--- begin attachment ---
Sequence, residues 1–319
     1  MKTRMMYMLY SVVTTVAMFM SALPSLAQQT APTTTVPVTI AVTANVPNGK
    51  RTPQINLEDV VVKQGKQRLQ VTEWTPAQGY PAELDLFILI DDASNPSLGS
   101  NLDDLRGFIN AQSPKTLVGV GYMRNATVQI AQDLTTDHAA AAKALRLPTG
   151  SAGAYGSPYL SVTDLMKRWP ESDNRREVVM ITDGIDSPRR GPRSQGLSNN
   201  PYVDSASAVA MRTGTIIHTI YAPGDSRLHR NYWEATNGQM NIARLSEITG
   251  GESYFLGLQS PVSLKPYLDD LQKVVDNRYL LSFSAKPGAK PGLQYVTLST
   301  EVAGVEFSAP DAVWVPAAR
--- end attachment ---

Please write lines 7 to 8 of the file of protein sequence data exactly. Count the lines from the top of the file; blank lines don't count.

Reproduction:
   251  GESYFLGLQS PVSLKPYLDD LQKVVDNRYL LSFSAKPGAK PGLQYVTLST
   301  EVAGVEFSAP DAVWVPAAR